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Every year we see a handful of starting pitchers have breakout campaigns. There is nothing better for a Fantasy owner than to buy a starter on the cheap and have him flourish and create a profit windfall.

In last week’s Fantasy Lookout, we touched on two starting pitchers who were off to slow starts, but looked like a breakout season was still on the horizon. This week, we will showcase three starting pitchers that are off to blazing starts, but severe caution is warranted as breakout seasons do not seem to be in the cards.

While all three hurlers have so far posted impressive ERAs, they all have plenty of red lights that are flashing warning signs under the hood. As we dig into their underlying peripherals, you will see how there is a large inconsistency between their ERAs and their supporting numbers.

In general, players will have their breakout seasons relatively early on in their careers. It is rare for any player to come out of nowhere and have a career year after their 30th birthday. All of the following pitchers have been in the majors since at least 2009, logged over 1,000 innings, and are on the wrong side of 30. Needless to say, none would be considered spring chickens.

Do not buy the hype and feel free to fade the following starting pitchers.

Starting Pitchers to Fade

Ervin Santana, Minnesota Twins

 

Fantasy owners have had nothing to complain about with respect to the red-hot start of Ervin Santana. He currently ranks fourth in all of baseball with a 2.07 ERA and fifth with a 0.89 WHIP. However, the time is now to lock in those profits as the future does not look nearly as bright.

Santana’s hot start has been aided by an unsustainable and MLB low BABIP of .143 along with the second lowest LOB% of 90.7-percent. These compare to his career marks of .283 and 73.0-percent respectively. He has taken the term you have to be lucky to be good and good to be lucky to a whole new level, at least the lucky part. Santana has also posted a K-BB% of just 8.2-percent, which is considerably weaker than his career mark of 11.5-percent.

The main culprit has been his career worst walk rate of 10.8-percent. In fact, the last time he posted a K-BB% under 10-percent was in 2012 when he had an ERA of 5.16 and WHIP of 1.27. There is some support to his early season numbers as he has done a great job of limiting line drives and hard contact while also inducing popups and soft contact.

I do not see a breakout season for Santana as the majority of his key peripherals do not support his headline numbers. Fantasy owners should fade Santana’s quick start and I do not see why his rest of season numbers will differ too greatly from his career figures of a 4.02 ERA and 1.27 WHIP.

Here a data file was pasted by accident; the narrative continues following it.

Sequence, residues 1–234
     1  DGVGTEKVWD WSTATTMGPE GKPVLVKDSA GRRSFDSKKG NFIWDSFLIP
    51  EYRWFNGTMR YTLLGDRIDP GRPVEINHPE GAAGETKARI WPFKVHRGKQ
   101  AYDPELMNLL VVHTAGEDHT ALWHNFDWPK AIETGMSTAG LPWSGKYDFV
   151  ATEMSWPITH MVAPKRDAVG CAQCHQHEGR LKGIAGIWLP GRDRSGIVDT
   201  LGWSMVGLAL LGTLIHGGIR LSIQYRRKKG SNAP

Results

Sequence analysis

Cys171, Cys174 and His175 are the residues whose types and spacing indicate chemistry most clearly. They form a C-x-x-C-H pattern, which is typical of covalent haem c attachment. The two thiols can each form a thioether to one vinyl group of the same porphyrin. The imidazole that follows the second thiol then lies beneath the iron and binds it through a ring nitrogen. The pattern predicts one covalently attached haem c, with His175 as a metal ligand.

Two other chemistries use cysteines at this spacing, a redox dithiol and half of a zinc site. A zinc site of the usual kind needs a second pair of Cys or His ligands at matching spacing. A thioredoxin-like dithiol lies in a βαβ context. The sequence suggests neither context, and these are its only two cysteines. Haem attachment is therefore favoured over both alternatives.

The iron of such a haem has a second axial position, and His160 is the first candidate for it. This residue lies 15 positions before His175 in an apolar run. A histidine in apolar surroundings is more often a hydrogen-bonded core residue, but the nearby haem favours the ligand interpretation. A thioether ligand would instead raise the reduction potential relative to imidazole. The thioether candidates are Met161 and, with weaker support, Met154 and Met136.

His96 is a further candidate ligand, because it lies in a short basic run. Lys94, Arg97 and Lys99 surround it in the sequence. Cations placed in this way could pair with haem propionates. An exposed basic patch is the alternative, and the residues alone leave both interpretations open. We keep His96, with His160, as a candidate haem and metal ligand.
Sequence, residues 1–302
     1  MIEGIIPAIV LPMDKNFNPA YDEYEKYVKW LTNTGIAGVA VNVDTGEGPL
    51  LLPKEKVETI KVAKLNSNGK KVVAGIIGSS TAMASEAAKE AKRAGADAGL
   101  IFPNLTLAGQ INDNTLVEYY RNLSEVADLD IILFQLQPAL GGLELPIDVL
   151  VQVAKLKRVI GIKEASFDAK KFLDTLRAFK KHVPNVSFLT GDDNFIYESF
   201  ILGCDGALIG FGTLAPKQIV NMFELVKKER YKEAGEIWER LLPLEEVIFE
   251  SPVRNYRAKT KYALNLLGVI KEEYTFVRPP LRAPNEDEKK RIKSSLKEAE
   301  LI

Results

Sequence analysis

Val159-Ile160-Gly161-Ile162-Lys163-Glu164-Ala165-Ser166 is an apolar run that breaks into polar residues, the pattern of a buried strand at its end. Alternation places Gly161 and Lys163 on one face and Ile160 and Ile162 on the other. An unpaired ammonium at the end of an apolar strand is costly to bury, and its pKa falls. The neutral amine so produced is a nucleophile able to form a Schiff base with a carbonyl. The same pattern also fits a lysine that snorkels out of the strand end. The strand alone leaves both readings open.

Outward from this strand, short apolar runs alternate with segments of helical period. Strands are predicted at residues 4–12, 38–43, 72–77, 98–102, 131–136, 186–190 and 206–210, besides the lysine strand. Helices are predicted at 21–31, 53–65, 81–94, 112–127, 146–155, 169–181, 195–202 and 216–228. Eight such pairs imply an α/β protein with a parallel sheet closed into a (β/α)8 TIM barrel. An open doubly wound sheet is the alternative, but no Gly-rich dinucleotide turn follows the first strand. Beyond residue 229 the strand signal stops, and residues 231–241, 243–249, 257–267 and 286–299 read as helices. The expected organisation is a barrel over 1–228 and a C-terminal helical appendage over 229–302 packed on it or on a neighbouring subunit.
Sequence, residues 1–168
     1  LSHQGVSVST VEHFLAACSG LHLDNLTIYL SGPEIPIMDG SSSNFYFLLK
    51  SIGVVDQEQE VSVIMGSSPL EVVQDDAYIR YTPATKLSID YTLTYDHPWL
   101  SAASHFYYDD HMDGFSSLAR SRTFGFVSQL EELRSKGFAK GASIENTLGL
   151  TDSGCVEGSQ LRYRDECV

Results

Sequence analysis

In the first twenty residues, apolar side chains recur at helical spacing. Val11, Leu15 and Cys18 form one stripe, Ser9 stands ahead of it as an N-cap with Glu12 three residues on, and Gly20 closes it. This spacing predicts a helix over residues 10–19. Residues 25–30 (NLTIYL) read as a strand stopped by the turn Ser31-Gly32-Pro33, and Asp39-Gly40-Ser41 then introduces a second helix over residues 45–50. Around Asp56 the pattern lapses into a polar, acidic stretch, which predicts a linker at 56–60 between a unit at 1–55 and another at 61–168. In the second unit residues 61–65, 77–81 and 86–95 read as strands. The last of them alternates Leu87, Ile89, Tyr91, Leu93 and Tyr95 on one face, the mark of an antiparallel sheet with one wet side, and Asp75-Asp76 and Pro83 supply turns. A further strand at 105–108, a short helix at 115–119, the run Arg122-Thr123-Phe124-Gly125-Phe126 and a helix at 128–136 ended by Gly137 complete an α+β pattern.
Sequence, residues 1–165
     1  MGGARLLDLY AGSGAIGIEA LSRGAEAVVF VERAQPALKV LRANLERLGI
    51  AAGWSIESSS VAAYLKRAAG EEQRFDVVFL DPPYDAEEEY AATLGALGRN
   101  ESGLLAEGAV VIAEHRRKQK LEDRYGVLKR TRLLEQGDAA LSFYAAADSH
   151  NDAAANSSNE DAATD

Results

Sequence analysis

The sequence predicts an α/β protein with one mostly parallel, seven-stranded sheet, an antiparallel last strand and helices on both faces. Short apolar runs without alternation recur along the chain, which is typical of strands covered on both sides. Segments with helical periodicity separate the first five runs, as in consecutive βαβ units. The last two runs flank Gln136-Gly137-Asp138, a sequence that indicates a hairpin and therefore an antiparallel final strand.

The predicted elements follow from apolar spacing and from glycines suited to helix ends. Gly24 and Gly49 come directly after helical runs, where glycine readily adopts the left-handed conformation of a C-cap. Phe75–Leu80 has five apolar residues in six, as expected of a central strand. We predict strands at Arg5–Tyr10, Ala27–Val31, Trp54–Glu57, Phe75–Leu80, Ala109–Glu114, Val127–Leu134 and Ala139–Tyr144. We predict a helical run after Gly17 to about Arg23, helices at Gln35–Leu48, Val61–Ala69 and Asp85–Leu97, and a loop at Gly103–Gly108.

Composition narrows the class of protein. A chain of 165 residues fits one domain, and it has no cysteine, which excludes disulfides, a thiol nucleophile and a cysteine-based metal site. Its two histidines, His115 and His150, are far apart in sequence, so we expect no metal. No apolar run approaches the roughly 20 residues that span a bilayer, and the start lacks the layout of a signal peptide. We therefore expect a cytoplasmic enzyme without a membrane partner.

Gio Gonzalez, Washington Nationals

 

With only one season with a sub-3.00 ERA under his belt, Gio Gonzalez’s hot start in 2017 has to be considered a surprise. His current ERA of 2.47 would easily be his career best, but his underlying numbers are nowhere near what you would want to see if you were expecting a career best campaign.

Gonzalez’s ERA seems artificially and temporarily low thanks to a career high LOB% of 91.4-percent and a career low BABIP of .243. Despite the low BABIP, Gonzalez has still only managed a WHIP of 1.29, mostly due to the fact that he has posted a walk rate of nearly 12-percent. He currently has a K-BB% of only 7.6-percent, which would be his lowest mark since his cup of coffee during his rookie campaign in 2008. Gonzalez has usually been a decent source of strikeouts. However, this year he has a strikeout rate of less than 20-percent for the first time in his career.

Despite having posted the ninth best ERA in baseball in the early going, Gonzalez’s underlying peripherals do not suggest he is in the midst of a breakout campaign. For the rest of the season I would expect him to post an ERA well north of 4.00 along with a WHIP around 1.40.

Derek Holland, Chicago White Sox

 

Derek Holland has made the White Sox look like geniuses after they signed him to a one-year deal this past offseason. Holland’s sparking 2.70 ERA along with his very serviceable 1.20 WHIP have been great for any Fantasy owner that hitched their wagon to him early on. However, the good times are about to end as the underlying numbers suggest a lot of smoke and mirrors.

Unlike the previously mentioned pitchers, Holland has not been helped with his 67.8 LOB%. However, a career low BABIP of .239 has been a major contributor to his headline numbers. His K-BB% is just barely in the double-digits at 10.1-percent and it is even less than his career mark of 11.4-percent.

Batters are having no trouble squaring up the ball against Holland, evidenced by his hard hit rate allowed of over 40-percent (eighth worst in baseball). Given that he is currently on pace to allow a new career high in terms of fly ball rate, pull rate, and hard hit rate, it will not be surprising to see Holland run into some home run trouble as the season wears on.

The majority of Holland’s 2017 peripherals line up fairly well with his career numbers. However, if anything they suggest he will be lucky to finish the year with an ERA and WHIP in line with his career figures. For the remainder of the season I would take the over on Holland’s ERA versus his 4.27 career mark and the over on his WHIP versus his 1.32 career mark.

 

It is easy to fade a player’s hot start if the underlying numbers do not fully support the headline statistics. The three starting pitchers listed above all have one thing in common, their sub-3.00 ERAs will all surely balloon quite materially by season’s end. Until the next Fantasy Lookout, enjoy the games!

 

Data courtesy of www.fangraphs.com

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